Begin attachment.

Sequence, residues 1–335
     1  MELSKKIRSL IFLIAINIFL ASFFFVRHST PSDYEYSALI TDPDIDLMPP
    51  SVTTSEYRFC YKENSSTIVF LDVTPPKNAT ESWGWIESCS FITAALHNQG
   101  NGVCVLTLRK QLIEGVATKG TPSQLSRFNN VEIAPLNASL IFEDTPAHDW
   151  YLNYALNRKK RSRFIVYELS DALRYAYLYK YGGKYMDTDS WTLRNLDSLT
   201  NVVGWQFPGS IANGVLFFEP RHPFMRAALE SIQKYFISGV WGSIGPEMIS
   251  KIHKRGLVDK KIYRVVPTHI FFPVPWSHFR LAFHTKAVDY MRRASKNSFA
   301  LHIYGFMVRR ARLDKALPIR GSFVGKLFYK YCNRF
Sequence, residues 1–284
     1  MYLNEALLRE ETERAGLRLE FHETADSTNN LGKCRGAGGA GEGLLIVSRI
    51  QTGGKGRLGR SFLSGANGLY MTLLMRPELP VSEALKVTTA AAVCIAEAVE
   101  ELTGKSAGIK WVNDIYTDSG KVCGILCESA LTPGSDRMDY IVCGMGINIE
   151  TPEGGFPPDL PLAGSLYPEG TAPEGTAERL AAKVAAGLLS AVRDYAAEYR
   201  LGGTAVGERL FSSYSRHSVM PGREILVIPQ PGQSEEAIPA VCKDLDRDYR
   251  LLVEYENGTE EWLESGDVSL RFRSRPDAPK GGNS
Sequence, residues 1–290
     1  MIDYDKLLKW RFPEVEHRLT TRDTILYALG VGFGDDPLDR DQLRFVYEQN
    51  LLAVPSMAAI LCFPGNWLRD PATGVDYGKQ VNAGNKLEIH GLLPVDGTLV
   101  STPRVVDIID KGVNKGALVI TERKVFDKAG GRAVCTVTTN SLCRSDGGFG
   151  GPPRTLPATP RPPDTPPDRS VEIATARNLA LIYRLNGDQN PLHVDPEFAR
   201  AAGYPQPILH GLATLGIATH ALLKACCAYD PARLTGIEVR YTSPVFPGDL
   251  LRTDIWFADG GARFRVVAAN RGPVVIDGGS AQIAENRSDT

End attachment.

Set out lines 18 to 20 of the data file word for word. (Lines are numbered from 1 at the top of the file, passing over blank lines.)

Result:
    51  LLAVPSMAAI LCFPGNWLRD PATGVDYGKQ VNAGNKLEIH GLLPVDGTLV
   101  STPRVVDIID KGVNKGALVI TERKVFDKAG GRAVCTVTTN SLCRSDGGFG
   151  GPPRTLPATP RPPDTPPDRS VEIATARNLA LIYRLNGDQN PLHVDPEFAR